These three teams may have their moments, but they'll be scrambling to make the playoffs.
Jack Ramsay, 61, sounds like a kid again. "I like this team," he said of his INDIANA PACERS. "They have a good fiber to them." Fiber doesn't get you points from the outside, however, and the Pacers are still a bit irregular in the back-court. Witness the fact that Detroit cast-off John Long was greeted like a savior at the off-guard spot.
Wayman Tisdale will be a versatile forward in Ramsay's system, but Clark Kellogg's uncertain status after knee surgery is an area of great concern. At the very least, though, the Pacers will improve enough under Ramsay that Bobby Knight will not make disparaging remarks about them, as he did last season.
Player to watch: Chuck Person. If Ramsay turns him loose, he'll be rookie of the year.
The SAN ANTONIO SPURS won only four games in the last month of the '85-86 season. Goodbye Cotton Fitzsimmons, hello Bob Weiss. Mychal Thompson, acquired from Portland, provides added versatility inside, and top draft pick Johnny Dawkins combines with Alvin Robertson and Johnny Moore to give the Spurs one of the most exciting three-man backcourt rotations in the NBA.
But let's face it—the Spurs aren't going far with aging Artis Gilmore, who just turned 37, at center and rookie Kevin Duckworth as his backup.
Player to watch: Mike Mitchell. He must add another dimension to his offense if he's to become a top NBA player.
For a guy who played only 11 games last season because of illness and injuries, Derek Smith attracted an unusual amount of off-season attention as a free agent. Seven teams were interested in him, including the SACRAMENTO KINGS, who finally got him. If Smith stays healthy, he has a chance to be superb. The Kings, on the other hand, do not. They'll need improved play in the pivot from the LaSalle Thompson-Joe Kleine combination to match last season's 37 wins in a tougher Midwest Division.
Player to watch: Reggie Theus. He had a good season last year, but some feel Theus lacks the respect of his teammates.
CLOSE TO THE VEST
New York, Cleveland
There's simply no figuring these teams.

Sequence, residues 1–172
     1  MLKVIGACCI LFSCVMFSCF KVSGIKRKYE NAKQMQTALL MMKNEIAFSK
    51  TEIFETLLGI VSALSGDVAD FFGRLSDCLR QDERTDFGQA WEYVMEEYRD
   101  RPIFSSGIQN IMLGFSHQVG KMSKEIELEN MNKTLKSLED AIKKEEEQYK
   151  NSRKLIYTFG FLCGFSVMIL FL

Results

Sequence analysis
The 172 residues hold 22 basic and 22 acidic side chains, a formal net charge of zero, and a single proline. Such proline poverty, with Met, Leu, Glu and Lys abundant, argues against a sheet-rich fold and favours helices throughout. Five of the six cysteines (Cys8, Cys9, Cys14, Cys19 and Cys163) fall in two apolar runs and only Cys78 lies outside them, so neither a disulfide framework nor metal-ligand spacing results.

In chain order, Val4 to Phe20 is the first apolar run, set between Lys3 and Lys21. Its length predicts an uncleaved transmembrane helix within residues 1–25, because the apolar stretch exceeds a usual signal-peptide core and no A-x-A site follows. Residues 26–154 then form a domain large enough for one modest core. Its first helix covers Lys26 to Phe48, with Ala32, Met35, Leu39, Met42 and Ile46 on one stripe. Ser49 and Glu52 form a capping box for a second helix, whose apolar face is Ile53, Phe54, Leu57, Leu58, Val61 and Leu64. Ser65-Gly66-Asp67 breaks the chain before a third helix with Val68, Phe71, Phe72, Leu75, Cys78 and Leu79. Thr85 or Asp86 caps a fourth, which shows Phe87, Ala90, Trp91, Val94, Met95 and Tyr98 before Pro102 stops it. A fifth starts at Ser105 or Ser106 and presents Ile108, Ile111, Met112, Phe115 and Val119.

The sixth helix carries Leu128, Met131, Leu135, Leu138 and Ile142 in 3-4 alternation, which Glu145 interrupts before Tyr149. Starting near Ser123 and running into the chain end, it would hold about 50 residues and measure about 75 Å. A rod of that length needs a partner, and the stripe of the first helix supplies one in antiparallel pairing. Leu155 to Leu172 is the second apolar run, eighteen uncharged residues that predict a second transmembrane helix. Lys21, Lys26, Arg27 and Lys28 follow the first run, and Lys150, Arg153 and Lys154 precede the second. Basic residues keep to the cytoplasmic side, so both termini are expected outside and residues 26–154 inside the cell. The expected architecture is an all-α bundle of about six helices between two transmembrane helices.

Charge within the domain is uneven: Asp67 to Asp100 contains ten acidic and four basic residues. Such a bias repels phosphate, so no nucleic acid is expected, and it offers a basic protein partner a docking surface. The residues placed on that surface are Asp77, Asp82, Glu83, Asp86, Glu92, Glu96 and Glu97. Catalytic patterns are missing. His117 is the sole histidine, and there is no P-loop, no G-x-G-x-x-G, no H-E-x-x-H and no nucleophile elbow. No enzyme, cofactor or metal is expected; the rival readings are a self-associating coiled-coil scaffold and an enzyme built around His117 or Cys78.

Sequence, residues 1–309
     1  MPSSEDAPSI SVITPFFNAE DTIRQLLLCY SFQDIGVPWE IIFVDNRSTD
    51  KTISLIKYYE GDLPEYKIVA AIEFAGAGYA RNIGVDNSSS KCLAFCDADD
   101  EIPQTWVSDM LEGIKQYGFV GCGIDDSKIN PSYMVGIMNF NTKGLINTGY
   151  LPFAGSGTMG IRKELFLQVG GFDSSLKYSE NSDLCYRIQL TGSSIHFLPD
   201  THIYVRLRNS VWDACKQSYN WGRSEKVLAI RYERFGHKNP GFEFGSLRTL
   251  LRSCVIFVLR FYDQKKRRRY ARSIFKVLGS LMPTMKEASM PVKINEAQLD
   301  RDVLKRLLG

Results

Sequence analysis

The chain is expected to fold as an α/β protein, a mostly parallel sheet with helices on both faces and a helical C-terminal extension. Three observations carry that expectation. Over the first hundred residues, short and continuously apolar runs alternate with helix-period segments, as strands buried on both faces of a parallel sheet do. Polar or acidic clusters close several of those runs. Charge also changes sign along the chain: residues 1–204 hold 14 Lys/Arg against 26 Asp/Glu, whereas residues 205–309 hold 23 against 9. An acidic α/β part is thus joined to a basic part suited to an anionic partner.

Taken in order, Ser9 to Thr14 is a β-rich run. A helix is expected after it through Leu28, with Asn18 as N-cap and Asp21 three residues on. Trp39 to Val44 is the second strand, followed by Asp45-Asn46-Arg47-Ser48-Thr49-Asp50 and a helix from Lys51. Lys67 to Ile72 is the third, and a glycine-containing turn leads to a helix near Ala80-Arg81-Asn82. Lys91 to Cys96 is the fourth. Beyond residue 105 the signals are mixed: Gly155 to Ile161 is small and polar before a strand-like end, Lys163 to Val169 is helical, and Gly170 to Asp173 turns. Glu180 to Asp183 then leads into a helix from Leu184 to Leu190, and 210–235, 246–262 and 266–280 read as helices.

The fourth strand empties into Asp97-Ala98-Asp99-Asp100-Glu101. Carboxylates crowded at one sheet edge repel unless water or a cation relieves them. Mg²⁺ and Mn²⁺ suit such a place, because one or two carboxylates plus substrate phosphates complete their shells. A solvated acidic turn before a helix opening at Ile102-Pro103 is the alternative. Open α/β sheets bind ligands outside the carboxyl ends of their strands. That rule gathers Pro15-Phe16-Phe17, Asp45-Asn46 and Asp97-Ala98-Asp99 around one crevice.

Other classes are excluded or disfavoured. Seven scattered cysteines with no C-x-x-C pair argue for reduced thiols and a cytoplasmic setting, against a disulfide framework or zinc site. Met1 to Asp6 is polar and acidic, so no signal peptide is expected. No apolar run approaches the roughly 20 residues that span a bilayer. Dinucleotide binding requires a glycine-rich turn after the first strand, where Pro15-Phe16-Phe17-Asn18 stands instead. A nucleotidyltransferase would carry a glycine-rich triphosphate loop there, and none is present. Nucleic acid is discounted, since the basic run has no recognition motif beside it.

Who knows if the NEW YORK KNICKS will ever trot out a frontcourt of Patrick Ewing, Bill Cartwright and Bernard King, who recently added six weeks to his already uncertain recovery by stepping in a hole while jogging. And in a hole the Knicks will continue to be if Cartwright's ailing feet make him nothing except a $1 million per year Medical Bill. But put Ewing and Cartwright together, and the Knicks have to be a better team—even with all those bricklayers in their backcourt—than the one that had a league-trailing 23-59 record last year.
Player to watch: Kenny Walker. Everybody talked about what he can't do. Now, watch what he can do—score inside, rebound, run the floor, play defense.
That unknown masked man pulling strings for the CLEVELAND CAVALIERS on draft day turned out to be Wayne Embry, whose general managership was officially announced a few days later. He definitely improved the Cavs in the draft, landing the 7-foot Daugherty at No. 1 and swing-man Ron Harper at No. 8.
But don't be too quick with the optimism. The Cavs were supposed to be one of the NBA's coming teams last year, and their season turned into a 29-53 disaster that led to the firing of coach Karl. New coach Lenny Wilkens will no doubt help improve the three-guard tandem of John Bagley, Dirk Minniefield and rookie Mark Price, but the Cavs won't be any better unless inside players like John (Hot Rod) Williams, Mel Turpin and Keith Lee do the job.
Player to watch: Daugherty. On draft day, New York fans serenaded him with a taunting chorus of "soft, soft, soft," in reference to his reputation as a quiche eater under the boards.